I am troubled that other commentators say that because Obama said that the police “acted stupidly” that this is a slap in the face to police officers everywhere…as if he called all police officers stupid. What complete nonsense. I think its worth pointing out that Obama called the actions of the police stupid; he did not call the police stupid. This is a very important distinction. Even the most intelligent, honest, and morally upstanding individual acts stupidly at times. Not even college professors, police officers, or world leaders are immune from this.

Yes, this is indeed a teaching moment. Its just too bad that too many people seem to be learning the wrong lessons.

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Sonia Sotomayor: Endorsed by The Badge Worshippers and Law Enforcement Bootlickers of America

Those who are of the badge worshipping and law enforcement bootlicking persuasion might assume that Judge Sonia Sotomayor may not have much to offer them as a Supreme Court Justice until they take a look at her record on the 2nd Circuit. As it turns out, Sotomayor has quite an authoritarian streak. It seems that when the powers that be are challenged by an ordinary individual, Sotomayor’s empathy seems to be with those who are employed by the government (and the facts of the circumstance be damned!).

Emily Bazelon writing for Slate warns those who are inclined to support Obama’s nominee: “Liberals, be careful what you wish for.”

The case which concerns Bazelon following her warning in Jocks v. Tavernier illustrates Sotomayor’s badge worshipping tendencies.

The story leading up to Jocks v. Tavernier begins in 1994 with truck driver Thomas Jocks’ truck breaking down on the Long Island Expressway. When the truck came to a stop, the end of his trailer was about 4 feet into the right lane. Trying to be a safe, responsible, and law abiding citizen, Jocks places safety flares as required to warn other drivers and walks nearly a mile to a gas station to find a pay phone* to call 911 about the unsafe situation. Upon arriving at the gas station, Jocks encounters Augusto Tavernier using the pay phone from inside his car.

Bazelon writes [emphasis mine]:

Jocks gave the following account of what happened next: He ran up and told Tavernier there was an emergency because his truck was jutting out onto the expressway. Tavernier told him to find another phone. Jocks repeated the emergency part of his story. Tavernier swore at him. Jocks knocked on his windshield and kept urging him to give him the phone. Finally, Jocks went into the phone stand and hung up on Tavernier’s call. At that point, Jocks said, Tavernier threw the receiver at him, tried to get out of his car, couldn’t because the phone stand was blocking his door, and drove forward. Jocks dialed 911. Tavernier charged him, yelling. Jocks yelled back. Tavernier said, “Why don’t I blow your fucking brains out?” and drew his gun. He pressed the gun into the back of Jocks’ head, and said, “Freeze, police”; and then an off-duty Nassau County police officer arrived, got the situation under control, and arrested Jocks.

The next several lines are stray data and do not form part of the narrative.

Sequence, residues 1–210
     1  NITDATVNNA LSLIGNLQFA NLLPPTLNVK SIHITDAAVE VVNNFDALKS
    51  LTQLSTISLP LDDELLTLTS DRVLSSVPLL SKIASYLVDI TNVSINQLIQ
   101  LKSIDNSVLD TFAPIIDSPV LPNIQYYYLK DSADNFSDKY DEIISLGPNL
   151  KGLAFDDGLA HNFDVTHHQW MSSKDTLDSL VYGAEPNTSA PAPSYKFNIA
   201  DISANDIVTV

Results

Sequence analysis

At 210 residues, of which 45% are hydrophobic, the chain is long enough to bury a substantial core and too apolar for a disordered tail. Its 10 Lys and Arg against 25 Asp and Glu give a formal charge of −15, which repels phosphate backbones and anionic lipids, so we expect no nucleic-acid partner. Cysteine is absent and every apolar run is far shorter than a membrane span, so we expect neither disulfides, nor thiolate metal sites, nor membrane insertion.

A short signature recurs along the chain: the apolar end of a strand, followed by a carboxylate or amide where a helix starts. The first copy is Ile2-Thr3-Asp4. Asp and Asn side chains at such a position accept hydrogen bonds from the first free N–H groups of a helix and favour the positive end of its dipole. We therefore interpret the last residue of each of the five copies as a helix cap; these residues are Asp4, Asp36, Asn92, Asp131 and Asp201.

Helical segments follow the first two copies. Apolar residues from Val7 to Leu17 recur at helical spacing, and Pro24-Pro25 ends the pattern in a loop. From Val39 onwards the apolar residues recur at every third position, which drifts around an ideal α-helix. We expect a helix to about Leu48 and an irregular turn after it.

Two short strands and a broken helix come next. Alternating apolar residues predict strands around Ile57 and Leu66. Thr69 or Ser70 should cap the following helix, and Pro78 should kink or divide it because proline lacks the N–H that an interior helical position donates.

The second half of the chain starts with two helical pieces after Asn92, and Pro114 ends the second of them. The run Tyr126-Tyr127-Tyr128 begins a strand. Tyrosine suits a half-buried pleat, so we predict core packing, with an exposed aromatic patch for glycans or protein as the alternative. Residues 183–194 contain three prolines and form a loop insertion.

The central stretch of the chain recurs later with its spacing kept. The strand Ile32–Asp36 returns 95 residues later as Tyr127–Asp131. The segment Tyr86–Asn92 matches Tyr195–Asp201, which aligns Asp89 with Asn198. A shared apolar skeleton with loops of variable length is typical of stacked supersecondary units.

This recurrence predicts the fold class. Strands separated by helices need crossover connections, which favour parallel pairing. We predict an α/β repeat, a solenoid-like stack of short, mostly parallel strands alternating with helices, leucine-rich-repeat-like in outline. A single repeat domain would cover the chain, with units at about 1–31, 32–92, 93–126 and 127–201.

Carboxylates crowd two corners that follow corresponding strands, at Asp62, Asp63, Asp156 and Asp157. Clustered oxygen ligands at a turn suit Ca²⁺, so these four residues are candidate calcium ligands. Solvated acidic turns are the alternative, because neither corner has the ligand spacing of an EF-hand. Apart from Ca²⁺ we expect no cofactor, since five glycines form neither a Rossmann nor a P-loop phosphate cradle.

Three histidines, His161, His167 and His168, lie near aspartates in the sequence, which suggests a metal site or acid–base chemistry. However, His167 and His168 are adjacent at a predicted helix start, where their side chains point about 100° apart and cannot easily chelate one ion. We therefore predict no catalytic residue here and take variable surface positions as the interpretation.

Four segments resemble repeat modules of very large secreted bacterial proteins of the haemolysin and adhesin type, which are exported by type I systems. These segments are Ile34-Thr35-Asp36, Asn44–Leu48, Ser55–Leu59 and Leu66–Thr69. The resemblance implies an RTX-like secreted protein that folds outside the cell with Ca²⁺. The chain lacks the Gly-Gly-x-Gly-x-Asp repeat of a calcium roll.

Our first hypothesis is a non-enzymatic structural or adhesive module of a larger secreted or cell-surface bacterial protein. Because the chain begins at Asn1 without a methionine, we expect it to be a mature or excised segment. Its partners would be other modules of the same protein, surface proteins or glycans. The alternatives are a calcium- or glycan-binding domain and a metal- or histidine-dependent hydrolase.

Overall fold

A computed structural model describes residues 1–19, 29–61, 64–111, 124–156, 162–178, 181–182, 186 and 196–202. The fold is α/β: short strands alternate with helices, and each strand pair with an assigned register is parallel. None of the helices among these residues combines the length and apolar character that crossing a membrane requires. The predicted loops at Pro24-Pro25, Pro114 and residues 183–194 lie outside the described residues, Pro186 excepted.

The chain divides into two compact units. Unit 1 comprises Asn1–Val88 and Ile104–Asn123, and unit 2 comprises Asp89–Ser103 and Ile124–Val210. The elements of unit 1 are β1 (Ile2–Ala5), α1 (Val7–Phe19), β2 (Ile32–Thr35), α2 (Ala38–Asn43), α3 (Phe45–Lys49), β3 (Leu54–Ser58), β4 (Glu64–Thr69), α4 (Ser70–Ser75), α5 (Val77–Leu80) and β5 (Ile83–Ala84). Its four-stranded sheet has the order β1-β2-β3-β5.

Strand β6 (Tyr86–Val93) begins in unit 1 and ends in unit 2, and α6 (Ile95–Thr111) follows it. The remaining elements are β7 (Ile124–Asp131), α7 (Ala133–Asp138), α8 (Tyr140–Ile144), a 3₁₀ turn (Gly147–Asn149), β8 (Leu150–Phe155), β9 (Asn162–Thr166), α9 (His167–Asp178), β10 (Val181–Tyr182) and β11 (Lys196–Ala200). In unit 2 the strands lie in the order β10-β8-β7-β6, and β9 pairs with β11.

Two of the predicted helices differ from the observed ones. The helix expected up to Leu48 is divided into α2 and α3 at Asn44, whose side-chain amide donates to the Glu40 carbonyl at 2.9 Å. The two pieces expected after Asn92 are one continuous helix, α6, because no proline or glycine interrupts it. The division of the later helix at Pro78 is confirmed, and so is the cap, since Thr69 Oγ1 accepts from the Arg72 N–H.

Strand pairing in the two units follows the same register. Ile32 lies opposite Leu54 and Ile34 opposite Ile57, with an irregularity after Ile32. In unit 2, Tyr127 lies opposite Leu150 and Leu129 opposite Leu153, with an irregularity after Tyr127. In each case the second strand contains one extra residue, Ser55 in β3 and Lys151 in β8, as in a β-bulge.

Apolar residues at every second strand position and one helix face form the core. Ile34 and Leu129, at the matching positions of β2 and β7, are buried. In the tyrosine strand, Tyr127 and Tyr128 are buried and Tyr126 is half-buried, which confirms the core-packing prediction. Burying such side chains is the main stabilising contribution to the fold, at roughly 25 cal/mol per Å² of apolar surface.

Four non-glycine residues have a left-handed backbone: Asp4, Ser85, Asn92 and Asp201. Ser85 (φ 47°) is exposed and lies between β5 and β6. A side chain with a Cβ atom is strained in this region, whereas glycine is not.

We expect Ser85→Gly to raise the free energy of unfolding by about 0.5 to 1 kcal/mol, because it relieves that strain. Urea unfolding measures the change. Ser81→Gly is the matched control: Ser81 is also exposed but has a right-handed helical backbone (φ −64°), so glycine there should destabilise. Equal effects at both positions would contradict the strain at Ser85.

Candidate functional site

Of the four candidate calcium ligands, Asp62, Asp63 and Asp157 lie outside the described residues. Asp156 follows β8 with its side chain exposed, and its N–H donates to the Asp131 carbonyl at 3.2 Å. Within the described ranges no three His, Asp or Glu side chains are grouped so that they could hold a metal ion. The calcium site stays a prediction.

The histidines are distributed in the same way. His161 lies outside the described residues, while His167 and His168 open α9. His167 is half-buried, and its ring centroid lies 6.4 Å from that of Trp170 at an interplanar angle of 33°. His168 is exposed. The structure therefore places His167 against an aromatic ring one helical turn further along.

Tavernier, too, proved to be an off-duty cop. After his arrest, Jocks was held for 24 hours and ended up having to make 28 court appearances before he was found not guilty of felony assault. He spent $20,000 on legal fees, lost his truck driving job, and had to give up full custody of his daughter, who went to live with her mother, his ex-wife. That dire, black moment on the LIE truly cost him.

Though Jocks was found not guilty of felony assault, much damage had been done. He still was out $20,000, his job, and custody of his daughter. Understandably, he wanted to be compensated for these very real damages. Jocks sued Tavernier and the detective who booked him for false arrest and malicious prosecution. The jury agreed and ordered Tavernier and the detective to pay damages of $600,000; the parties at fault successfully appealed to the 2nd Circuit.

Enter Judge Sotomayor – Bazelon continues:

The judges on the panel for the U.S. Court of Appeals for the 2nd Circuit were Sotomayor; Pierre Leval, a Clinton appointee; and John Walker Jr., appointed by President George Herbert Walker Bush […]